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Queensland’s largest dam misses heavy rains and warns of water restrictions

Despite hundreds of millimeters of rain in parts of southeastern Queensland last week, the largest and most important dams in southeast have fallen to levels as low as during the millennium drought.

Authorities warned that water restrictions could be enforced if the Wivenhoe Dam, which supplies more than half the water to the southeastern part of the state, continues to miss the coveted rain.

As of Wednesday, the Wivenhoe Dam, 80 km northwest of Brisbane, had a capacity of 38.3%. The dam reached that level in December, but before that, it had the last water reserves in March 2009.

A Seqwater spokesman said the dam could store 1,165,240 megaliters of water on a full supply.

“The second largest dam, Somerset Dam, flows into Wivenhoe, so the two reservoirs basically function as one. When making a controlled discharge of water from Somerset to Wivenhoe, it’s two. It’s about helping to balance the water levels between the reservoirs, “said a spokesman.

Camera iconSeqwater has opened a lock at Somerset Dam in response to the recent heavy rains in the catchment area. Water helps replenish the Wivenhoe dam. credit: News Regional Media

Water discharge began on Tuesday after a portion of the Somerset Dam catchment area received up to 200 mm of rainfall. It is estimated that the release of water will increase the level of Wivenhoe by 1-3 percent.

While 13 ungated dams in the region, including the Baroon Pocket, Enoggera, Hinze and Lake Macdonald dams, have been spilled as a result of a recent massive fall, the entire SEQ Water Grid is heavily dependent on Wivenhoe storage levels. I will.

Current levels of the Wivenhoe Dam and the water grid in southeastern Queensland compared to 2009 levels. Photo: Seqwater
Camera iconLevels of the Wivenhoe Dam (dark blue) and the water grid in southeastern Queensland from 2009 to 2013. Seqwater credit: Supply
Current levels of the Wivenhoe Dam and the water grid in southeastern Queensland compared to 2009 levels. Photo: Seqwater
Camera iconCompared to 2020 and 2021. Seqwater credit: Supply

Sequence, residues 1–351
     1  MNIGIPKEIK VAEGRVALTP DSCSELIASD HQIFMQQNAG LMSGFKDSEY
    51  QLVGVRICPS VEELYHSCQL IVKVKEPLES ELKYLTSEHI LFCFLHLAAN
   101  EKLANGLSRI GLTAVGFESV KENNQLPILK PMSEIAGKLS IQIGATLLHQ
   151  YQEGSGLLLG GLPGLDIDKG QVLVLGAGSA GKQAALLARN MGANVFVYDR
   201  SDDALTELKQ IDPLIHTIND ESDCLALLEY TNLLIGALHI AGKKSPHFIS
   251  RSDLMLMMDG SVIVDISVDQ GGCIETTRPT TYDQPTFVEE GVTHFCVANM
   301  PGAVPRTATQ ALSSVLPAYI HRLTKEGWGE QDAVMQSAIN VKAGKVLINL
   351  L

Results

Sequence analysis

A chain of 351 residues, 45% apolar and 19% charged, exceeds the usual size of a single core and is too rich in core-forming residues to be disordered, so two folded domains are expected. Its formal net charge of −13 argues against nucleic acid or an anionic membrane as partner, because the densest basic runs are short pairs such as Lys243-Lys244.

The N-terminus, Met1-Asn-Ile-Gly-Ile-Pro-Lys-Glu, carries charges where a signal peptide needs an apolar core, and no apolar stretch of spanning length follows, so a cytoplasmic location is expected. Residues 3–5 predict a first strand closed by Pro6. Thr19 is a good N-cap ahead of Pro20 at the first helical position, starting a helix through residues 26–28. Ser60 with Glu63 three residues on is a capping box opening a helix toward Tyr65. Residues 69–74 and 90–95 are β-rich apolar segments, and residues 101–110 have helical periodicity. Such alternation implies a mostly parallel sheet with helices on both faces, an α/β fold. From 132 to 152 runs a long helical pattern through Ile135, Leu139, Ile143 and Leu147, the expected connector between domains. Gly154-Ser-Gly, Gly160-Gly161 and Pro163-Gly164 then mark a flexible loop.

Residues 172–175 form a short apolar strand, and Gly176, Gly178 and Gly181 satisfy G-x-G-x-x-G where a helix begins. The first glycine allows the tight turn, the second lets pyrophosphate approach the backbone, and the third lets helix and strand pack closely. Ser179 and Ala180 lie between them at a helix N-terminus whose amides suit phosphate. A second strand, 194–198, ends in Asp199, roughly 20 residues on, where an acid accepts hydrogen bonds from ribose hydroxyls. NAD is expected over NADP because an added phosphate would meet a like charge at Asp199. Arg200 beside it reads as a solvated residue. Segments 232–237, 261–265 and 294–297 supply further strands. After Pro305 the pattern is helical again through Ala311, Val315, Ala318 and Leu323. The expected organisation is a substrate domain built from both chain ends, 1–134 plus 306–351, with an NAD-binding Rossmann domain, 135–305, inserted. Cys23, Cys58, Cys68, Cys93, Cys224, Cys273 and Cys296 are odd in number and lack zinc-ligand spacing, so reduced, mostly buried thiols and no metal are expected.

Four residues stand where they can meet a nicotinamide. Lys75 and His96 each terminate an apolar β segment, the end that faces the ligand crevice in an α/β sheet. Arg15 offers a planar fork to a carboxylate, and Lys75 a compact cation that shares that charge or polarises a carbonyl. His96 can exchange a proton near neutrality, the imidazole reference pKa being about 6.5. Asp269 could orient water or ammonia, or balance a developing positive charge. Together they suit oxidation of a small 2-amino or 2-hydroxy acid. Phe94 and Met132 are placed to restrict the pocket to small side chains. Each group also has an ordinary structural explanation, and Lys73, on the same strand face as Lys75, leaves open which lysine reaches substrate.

When the grid reaches 50% capacity, a water limit will be introduced that limits the occupants to 140 liters of water per person per day.

As of Wednesday, the total water level was 60.6%, up from 57.7% in just five days.

Wibenhodam is as low as 2009, in the midst of a millennium drought.
Camera iconWibenhodam is as low as 2009, in the midst of a millennium drought. credit: News Regional Media

After heavy rains at the end of last month, Seqwater CEO Neil Brennan said the community needs to remain at the water’s edge despite heavy rains.

“The total water level in the area is still less than 60%, so we’re still in the drought response stage, and we’re asking residents to stay aware of water, especially during the traditional dry season,” he said. ..

“This time last year, the capacity of SEQ Water Grid was about 70% and the capacity of Wivenhoe was about 53%.”

Part of the sunshine and Gold Coast hinterlands and scenic edges were struck by heavy falls on Monday and Tuesday.

UpperSpringbrook received over 285mm in two days and Mount Glorias received about 140mm.

Further north, both Maleny and Peachester were hit by more than 170mm in two days.

A flood warning has been issued for the Stanley River, one of the inflows to Somerset Dam.

Many roads around the area are closed and drivers are urged to check the Queensland transportation website.

Queensland’s largest dam misses heavy rains and warns of water restrictions

Source link Queensland’s largest dam misses heavy rains and warns of water restrictions

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